Western & English Today
EARLY SPRING 2014
shoulder in its San Saba Collection.
Over at Karman, Roper's Americana collection has crossed into
Canada, and other states have asked for f ag-themed boots. "T is
has been a big, big hit for us," Vastine says.
Olathe, which has always been geared toward working
cowboys, is returning to a more traditional look. "It's not new,"
Kahla says. "It's what Grandpa would have liked to have worn."
T at's the same trend Mark Claver is seeing at Ferrini U.S.A.
At least, for men. "For men, our standard boots have gone in a
dif erent direction than have our women's boots. We've gone back
to basic boots in our men's line. But ladies? It's a wide range. It's the
basic boot all the way up to highly laser-cut bling. It's always about
something new and fresh."
Twisted X has acquired licensing to make a collection of men's,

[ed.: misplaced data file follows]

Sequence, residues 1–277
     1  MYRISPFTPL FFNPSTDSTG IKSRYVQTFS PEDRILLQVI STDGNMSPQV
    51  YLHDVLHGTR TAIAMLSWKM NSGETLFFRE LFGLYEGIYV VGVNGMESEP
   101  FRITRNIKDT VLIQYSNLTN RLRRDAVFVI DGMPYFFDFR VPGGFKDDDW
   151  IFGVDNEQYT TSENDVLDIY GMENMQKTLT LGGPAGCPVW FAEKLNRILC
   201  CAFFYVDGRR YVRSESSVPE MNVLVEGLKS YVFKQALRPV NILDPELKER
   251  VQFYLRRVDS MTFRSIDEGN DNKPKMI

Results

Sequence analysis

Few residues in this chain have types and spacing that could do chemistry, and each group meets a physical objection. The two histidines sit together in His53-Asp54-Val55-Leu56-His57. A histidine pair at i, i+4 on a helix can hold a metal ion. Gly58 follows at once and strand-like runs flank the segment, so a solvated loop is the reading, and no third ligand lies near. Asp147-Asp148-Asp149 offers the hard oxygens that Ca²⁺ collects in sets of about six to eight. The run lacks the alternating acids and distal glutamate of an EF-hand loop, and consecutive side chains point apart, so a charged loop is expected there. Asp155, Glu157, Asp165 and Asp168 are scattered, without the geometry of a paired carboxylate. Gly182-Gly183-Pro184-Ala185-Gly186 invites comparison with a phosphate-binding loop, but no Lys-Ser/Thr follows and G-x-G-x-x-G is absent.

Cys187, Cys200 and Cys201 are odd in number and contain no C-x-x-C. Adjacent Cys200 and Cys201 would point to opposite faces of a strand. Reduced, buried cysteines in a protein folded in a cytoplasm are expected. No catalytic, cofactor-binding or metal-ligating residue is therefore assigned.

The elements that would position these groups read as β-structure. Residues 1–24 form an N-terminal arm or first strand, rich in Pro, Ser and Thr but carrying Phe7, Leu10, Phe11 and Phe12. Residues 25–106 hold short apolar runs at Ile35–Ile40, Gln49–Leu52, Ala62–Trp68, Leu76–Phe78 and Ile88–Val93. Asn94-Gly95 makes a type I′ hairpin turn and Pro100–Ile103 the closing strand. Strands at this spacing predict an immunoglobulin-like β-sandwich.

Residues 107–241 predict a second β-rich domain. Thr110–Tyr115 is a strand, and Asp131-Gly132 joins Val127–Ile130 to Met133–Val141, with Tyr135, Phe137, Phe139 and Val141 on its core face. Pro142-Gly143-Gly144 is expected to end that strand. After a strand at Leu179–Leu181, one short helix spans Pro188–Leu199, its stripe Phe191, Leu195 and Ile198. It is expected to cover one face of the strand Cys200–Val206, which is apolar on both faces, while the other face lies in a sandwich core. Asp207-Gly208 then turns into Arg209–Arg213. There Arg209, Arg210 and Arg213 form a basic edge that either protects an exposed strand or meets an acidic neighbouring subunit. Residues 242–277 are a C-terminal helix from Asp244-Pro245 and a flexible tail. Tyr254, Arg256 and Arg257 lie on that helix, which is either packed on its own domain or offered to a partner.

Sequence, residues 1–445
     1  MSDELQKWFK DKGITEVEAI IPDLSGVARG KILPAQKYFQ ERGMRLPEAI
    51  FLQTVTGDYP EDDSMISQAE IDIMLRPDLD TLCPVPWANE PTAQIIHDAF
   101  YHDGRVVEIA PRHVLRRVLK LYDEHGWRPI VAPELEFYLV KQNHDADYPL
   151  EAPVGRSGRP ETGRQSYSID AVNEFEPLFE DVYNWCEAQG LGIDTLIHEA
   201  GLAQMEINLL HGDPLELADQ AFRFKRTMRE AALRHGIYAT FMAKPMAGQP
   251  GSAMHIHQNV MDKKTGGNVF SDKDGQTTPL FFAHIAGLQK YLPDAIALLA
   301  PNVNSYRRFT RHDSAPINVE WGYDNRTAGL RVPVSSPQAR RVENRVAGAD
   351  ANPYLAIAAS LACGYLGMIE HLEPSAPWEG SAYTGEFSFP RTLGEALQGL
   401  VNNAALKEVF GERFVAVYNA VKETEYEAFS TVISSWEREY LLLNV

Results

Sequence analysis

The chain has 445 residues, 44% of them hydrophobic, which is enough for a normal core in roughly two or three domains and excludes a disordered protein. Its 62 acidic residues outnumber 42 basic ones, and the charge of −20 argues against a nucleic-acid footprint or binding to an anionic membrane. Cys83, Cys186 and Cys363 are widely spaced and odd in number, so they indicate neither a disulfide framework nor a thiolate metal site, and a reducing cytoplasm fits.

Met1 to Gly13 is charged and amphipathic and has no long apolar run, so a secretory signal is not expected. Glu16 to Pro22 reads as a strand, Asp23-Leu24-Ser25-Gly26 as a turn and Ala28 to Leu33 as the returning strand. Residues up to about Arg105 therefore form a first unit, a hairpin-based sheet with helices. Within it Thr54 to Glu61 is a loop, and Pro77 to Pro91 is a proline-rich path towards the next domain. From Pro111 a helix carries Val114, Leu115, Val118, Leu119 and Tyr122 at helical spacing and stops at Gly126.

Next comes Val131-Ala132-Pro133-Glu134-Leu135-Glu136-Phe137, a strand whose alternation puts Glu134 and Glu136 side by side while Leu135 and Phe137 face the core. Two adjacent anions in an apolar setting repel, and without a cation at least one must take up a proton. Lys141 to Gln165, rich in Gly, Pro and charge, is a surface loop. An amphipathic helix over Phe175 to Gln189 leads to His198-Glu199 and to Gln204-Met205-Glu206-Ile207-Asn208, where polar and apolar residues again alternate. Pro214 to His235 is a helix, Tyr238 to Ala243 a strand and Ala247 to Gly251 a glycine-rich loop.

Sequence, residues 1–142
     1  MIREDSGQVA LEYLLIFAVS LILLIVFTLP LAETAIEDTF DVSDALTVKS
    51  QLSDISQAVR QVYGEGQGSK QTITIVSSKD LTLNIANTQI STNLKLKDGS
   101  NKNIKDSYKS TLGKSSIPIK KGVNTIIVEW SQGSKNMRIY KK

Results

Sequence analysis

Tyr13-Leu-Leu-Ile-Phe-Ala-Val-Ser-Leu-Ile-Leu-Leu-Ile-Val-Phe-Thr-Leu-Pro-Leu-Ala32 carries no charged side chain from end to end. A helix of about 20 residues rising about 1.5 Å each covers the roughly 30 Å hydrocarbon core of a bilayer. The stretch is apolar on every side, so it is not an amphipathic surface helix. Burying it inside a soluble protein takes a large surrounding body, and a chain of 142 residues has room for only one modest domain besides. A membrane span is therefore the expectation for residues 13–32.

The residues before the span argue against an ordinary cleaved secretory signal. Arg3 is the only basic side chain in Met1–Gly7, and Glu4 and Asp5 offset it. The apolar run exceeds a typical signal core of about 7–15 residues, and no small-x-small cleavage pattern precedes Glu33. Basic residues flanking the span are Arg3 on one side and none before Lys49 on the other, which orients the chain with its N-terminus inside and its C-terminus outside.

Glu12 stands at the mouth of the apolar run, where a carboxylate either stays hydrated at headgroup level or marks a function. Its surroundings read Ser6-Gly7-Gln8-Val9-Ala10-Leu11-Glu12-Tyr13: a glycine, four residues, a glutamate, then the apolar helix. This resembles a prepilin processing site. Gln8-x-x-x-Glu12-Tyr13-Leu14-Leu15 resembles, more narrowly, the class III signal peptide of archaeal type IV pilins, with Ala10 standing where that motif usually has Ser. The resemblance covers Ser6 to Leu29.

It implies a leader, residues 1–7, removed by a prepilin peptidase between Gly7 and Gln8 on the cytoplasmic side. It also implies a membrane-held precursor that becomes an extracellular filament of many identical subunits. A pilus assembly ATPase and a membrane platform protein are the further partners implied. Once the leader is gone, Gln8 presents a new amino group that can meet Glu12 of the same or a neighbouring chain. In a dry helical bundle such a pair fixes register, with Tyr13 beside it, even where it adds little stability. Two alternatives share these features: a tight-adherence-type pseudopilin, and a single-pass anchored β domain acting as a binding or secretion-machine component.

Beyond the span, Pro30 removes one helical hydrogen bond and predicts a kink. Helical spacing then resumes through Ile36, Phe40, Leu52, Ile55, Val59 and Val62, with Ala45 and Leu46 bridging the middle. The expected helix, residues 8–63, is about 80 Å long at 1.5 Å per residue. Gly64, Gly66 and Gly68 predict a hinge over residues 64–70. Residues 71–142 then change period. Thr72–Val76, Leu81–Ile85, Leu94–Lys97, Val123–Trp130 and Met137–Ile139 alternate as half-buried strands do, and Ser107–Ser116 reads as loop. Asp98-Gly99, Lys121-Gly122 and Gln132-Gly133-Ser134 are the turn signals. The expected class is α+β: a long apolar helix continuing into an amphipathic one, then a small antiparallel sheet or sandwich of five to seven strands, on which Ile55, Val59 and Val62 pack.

women's and children's boots for Hooey Brands, Frazier says, with
delivery tentatively scheduled to begin in June.
Exotics are also doing well at Dan Post, Los Altos, Lucchese,
Rios of Mercedes and Twisted X, with Stetson of ering new colors,
and Black Jack f nding success with rattlesnake and caiman. Even
ostrich is making a comeback af er shortages caused by the bird f u
in South Africa.
OUTBACK TRADING CO.
ABOVE: Clockwise from upper left: WXM124 by Cinch WRX Boots, ladies' Packer
by Outback Trading Co., the Met Guard by Chippewa Boots and the Ranch
Master by Rocky Boots. Center, the ladies' Arroyos boot by Chippewa Boots.
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